Smell of Our Own: Glockabelle



The Smell of Our Own:

By Shelby Monita

Glockabelle is Annabelle Cazes, a New York City-based musician who gets audiences sweating and dancing with just herself, two Casios, a drum machine and of course her glockenspiel. We first met in New York about four years ago when I was traveling across America by train. Annabelle and I have been friends ever since and I have made it my mission to spread the word about her energetic, Hello Kitty-cute music that is in a genre all its own.

I’ve been trying to label your genre of music but am having a hard time with it. How do you describe it?

I think given how my live show is currently, I would call it synth punk. Some have also called it noise punk with a mix of prog rock, experimental rock, French synth pop…it’s really all of those genres rolled into one. I am currently performing totally solo with just my two Casios and a 1982 Yamaha drum machine and my glockenspiel. It’s a minimalist race against the machine.

You play the glockenspiel with thimbles on your fingers. One question: why?

The glockenspiel thimble technique is something I came up with when my mom mailed the glock to me while I was living in Paris and I had no mallets. I devised a way to play with my hands, which made sense for me since I was trained as a classical pianist. Playing the glock with my fingers makes it possible for me to play melodies and harmonies at the same time. The glock is usually used as an ornamental instrument in most musical arrangements. My technique allows me to make it a lead instrument.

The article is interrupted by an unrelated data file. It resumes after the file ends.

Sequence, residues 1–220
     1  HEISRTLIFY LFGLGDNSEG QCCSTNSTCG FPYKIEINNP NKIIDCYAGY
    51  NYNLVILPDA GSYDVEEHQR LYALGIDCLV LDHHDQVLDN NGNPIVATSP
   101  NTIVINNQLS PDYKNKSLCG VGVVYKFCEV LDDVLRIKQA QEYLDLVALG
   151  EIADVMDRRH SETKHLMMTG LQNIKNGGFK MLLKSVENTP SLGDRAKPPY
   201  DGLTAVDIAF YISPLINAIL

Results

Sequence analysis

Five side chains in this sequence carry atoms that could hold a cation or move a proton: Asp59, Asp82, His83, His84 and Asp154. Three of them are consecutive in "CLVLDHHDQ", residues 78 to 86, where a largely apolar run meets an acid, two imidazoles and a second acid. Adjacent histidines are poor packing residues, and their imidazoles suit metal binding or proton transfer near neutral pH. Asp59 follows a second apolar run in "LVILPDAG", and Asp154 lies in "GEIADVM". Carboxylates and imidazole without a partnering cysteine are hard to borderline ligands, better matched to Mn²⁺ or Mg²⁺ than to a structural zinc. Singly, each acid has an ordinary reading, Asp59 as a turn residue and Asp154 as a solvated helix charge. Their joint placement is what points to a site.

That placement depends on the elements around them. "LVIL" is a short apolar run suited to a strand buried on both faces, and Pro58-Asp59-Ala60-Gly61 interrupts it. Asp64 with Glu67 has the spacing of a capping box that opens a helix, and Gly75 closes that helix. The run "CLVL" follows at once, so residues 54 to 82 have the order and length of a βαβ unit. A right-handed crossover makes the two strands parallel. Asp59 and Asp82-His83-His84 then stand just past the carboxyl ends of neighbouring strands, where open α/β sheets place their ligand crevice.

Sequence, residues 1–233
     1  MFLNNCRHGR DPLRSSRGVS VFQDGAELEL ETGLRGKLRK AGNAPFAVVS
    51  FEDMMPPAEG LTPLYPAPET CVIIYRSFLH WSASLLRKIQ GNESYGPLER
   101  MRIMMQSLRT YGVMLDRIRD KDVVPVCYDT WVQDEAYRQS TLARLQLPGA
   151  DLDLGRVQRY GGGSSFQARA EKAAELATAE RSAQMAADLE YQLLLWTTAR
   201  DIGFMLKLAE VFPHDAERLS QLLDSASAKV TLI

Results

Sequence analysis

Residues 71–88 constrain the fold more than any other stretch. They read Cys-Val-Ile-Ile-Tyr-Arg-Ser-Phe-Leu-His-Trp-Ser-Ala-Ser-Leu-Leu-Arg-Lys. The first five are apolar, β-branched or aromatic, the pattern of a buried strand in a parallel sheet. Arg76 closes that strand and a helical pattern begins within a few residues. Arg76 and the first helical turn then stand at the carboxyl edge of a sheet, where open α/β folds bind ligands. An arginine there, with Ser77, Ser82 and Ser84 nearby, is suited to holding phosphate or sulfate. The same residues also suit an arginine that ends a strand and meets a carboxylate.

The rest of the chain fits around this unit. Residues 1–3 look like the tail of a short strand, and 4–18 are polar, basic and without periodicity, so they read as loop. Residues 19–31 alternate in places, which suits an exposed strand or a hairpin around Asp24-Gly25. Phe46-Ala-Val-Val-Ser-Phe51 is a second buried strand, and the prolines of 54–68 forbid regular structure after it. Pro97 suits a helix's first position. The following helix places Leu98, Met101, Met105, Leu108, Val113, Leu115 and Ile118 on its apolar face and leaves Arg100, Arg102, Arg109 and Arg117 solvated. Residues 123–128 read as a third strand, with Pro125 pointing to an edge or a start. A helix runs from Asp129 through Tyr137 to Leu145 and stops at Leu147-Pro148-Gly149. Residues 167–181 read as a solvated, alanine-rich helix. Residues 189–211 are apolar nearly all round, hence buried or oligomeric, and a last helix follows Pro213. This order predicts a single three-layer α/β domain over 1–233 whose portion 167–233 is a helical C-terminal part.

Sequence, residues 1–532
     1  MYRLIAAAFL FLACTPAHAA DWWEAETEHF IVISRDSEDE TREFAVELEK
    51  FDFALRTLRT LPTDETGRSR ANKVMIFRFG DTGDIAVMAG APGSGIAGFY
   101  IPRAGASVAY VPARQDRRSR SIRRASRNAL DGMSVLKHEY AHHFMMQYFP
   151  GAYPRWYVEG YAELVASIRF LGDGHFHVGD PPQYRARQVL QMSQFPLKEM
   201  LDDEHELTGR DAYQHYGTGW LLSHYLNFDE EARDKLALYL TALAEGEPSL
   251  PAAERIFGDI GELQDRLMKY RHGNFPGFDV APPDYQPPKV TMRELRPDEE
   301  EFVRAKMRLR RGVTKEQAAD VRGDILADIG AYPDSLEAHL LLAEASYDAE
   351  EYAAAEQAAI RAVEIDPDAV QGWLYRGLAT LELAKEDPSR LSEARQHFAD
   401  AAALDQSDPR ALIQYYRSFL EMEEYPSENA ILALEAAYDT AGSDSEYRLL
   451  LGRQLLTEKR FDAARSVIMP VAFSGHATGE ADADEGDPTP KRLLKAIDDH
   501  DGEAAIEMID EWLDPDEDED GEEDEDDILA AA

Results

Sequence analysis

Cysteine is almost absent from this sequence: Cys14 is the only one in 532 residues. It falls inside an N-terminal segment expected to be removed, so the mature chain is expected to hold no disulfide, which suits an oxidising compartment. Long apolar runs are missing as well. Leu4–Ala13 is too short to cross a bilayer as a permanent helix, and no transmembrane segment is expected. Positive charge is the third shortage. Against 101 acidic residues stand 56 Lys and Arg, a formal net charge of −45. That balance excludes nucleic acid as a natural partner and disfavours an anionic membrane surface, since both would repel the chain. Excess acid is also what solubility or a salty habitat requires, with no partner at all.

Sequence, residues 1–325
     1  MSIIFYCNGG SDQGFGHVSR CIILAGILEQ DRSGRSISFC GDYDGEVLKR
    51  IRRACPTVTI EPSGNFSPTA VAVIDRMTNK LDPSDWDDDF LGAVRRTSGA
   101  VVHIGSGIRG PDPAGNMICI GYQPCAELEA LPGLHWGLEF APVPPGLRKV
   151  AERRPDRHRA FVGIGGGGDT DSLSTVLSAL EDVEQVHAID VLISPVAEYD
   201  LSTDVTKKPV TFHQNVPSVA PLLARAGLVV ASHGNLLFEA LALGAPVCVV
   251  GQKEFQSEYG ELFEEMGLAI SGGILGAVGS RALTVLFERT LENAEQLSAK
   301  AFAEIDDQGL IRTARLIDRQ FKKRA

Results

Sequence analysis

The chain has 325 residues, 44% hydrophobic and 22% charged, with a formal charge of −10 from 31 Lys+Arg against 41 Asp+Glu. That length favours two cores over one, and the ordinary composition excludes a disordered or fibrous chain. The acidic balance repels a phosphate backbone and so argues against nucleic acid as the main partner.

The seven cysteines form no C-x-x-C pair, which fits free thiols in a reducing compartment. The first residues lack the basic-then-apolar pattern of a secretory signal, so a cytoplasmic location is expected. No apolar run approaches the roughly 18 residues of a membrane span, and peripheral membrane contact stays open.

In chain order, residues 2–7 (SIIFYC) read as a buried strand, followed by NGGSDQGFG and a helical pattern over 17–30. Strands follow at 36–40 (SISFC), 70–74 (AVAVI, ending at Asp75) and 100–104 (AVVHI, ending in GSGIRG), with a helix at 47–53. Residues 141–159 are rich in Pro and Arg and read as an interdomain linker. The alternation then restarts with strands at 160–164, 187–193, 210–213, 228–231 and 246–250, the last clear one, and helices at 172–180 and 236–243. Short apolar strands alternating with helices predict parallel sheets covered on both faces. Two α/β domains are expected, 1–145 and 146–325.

Do people ever get confused when you say you play the glock?

Ha! No I think most of the time they get it and don’t assume I’m playing a gun or otherwise 🙂

Where you do get your creative spark from? Is it other bands or maybe even your own imagination?

Oh definitely from my imagination, which runs rampant! But I think what sparks my imagination most is actual movement. I love taking long walks around NYC, jogging to my favorite tunes… these days I’ve been listening to some old school rap like that of Roxanne Shanté, Queen Latifah, old school reggae like Lady Ann and Sister Nancy, this surf rock band called The Atlantics and then there is the 80s punk band Suburban Lawns which I adore.

I also listen to quite a bit of 80s French electronic music such as Lio, Elli et Jacno and Telex and 1960s French yé-yé pop.

The French yé-yé pop really comes out in your fashion style. What is your song writing process? 

There really is no process. I get inspired by an idea and just sit on my bed with my Casio, turn on some beats and bang out some melodies until something sticks.

You recently got a pet bird named Jacques Cousteau that you have been posting videos of on your Instagram. Any chance he will make an appearance on your new work?

Ha! I actually recorded my last bird (who passed last year) over some hip-hop beats… but this new bird is only 6 months old and sings like he’s practicing for Juilliard! I think will definitely be making an appearance, on my record and possibly also onstage. I’m not sure how keen he is on fast beats. He’s more of a jazz crooner. Loves Ella Fitzgerald and Chet Baker.

Shelby Monita is a Toronto-based writer and zine author. Her zines include Hoser Punx and Artificial Life in the Market Place. Shelby has written for Weird Canada, Spindle Magazine, Long Winter, The Punk Site and more. You can find her portfolio at